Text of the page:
Perched high above Los Angeles in the famed Griffith Park is the beautiful Autry Museum of the American West or “the Autry”. They are currently holding an exhibit called “Play!” geared towards kids of all ages on the history of toys and games through different cultures in the United States. We had been interested in visiting this museum for years, but this was a wonderful catalyst to follow through on the venture, and we are so glad we did.

Once called the “Gene Autry Western Heritage Museum” and “Autry National Center for the American West”, the Autry Museum was founded by Gene Autry, a famous Western actor for over 60 years with 5 stars on Hollywood’s Walk of Fame. Autry, who was also a businessman, had aspirations to build a museum that was wholly dedicated to bringing the story of the American West to the public. The museum uses interactive exhibits, over 500,000 paintings, sculptures, textiles, costumes, firearms, tools, musical instruments, Native American arts and artifacts, and numerous public events and programs over 3 campuses across Los Angeles. They hold the largest and most significant collections of Native American materials in the United States. The museum underwent a large renovation in 2015-16 unveiling over 20,000 SF of renovated visitor spaces and a name change.

The serene natural surroundings of Griffith Park provide a perfect backdrop for this expansive museum. The first and most important order of business was to go through the Play! exhibit, which immediately caught the kids attention with its bold graphic entryway. The tree made up of various toys and historic materials was continuously intriguing and my son especially wouldn’t tear himself away from announcing all of the different fragments he recognized. The history of video games section was exciting, more so for myself as the nostalgia of playing the original Super Nintendo console with my brother reeled through my mind. Of course I had to give a few of the stations a try, eventually having to tear myself away upon the small voices of “let’s go mommy!” brought me back to reality. They spent a significant amount of time playing house in the pretend play area and I loved how their stuffed animal buddies from home that they toted along became their “babies” to feed and clean. I was delighted to see a beautiful stage area, with dress up and prop materials which we my daughter immediately utilized to put on her own show about being in outer space.

Gold panning was another must-do on our agenda. It was a wonderful respite to get out and spend some time in the warm outdoor sun during the cool autumn afternoon while learning about the techniques of gold panning and having a try for ourselves. I was surprised to see how quickly the kids mastered the technique of gently swishing the pan in circular motions partially dipped into the cold flowing water to release the sediments to reveal small nuggets and flecks of “gold”. I definitely let my daughter believe that this was real gold and being the lover of anything that sparkles, she was set on finding as many as possible to take home with us. The helpful staff member noticed the enthusiasm and graciously allowed us to spend as long as we wanted at the stations finding as many as we could find, despite the limit of nuggets per person rule.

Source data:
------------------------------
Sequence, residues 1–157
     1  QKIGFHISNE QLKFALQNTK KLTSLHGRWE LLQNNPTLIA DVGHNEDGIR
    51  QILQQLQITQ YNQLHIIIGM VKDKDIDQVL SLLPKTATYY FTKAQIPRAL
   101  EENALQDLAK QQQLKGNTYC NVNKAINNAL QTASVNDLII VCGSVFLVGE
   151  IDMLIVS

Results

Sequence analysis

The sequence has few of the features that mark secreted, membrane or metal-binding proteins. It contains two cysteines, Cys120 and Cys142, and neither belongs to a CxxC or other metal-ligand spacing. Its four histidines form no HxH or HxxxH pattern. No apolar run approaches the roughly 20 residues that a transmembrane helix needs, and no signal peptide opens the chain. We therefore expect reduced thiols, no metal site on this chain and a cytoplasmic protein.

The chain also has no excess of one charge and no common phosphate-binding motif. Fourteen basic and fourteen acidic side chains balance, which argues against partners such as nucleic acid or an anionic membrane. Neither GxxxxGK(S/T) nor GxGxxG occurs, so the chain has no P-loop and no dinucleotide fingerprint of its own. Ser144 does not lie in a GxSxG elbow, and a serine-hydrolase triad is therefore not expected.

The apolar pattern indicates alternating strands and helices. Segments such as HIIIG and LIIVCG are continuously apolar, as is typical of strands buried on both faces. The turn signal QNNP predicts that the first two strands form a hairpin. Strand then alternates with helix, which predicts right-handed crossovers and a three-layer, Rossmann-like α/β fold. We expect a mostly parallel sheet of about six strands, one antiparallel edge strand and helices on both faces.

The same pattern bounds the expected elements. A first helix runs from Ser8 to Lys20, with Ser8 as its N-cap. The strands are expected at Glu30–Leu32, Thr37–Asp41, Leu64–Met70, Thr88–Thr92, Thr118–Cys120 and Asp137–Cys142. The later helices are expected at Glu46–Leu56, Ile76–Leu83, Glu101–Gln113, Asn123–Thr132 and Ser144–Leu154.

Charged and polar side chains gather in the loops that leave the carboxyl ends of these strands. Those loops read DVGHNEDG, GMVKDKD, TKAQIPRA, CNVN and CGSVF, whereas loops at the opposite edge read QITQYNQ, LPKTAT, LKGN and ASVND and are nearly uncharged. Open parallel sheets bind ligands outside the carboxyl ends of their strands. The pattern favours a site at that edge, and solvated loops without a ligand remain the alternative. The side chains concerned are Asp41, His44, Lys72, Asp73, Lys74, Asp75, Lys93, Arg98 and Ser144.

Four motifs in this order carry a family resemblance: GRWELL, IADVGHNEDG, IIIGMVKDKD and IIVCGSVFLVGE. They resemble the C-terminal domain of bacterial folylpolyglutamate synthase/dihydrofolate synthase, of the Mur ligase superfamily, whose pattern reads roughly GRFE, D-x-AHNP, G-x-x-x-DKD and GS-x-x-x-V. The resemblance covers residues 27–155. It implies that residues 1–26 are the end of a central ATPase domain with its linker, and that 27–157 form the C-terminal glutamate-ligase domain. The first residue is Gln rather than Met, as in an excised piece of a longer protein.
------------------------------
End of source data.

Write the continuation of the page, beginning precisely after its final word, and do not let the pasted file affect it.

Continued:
As the rest of the museum unfolded, we walked through the rest of the exhibit spaces and were constantly intrigued at the rich history of the American West and all of the diverse cultures that have been present through the generations. There was a particular interactive exhibit of a tree which encouraged visitors to write in and tie on a note about who we are grateful for, and to remember those who have passed before us. It was a cathartic full circle moment as I wrote about my late mother, and to realize that my daughter had written her note about me. My son was awed while going through the firearms exhibits, viewing the rifles, guns, and an entire wall of sheriff’s badges artfully displayed prompted a lot of excitement and questions. It was a task to convince him to move on from this section for sure. Eventually he was ready to say see you later to these gems.

We were happy to see that there was a small outdoor garden area showcasing some of the diverse native flora in the region. Succulents and sustainable plants were on sale by an outside vendor in one corner and it was a very popular attraction. The kids were drawn into the various natural stone painting stations sprawled throughout the gardens; it was nice to end the visit by doing something creative.

This is a museum that is incredibly family friendly. The setting is in a way quite tranquil and the content of the museum seems so fitting to its surroundings - of nature, big sky and beautiful southern California mountains as a backdrop. We left with a feeling of being internally in tune with this place we live and work in and that’s the beauty of an education through local museums.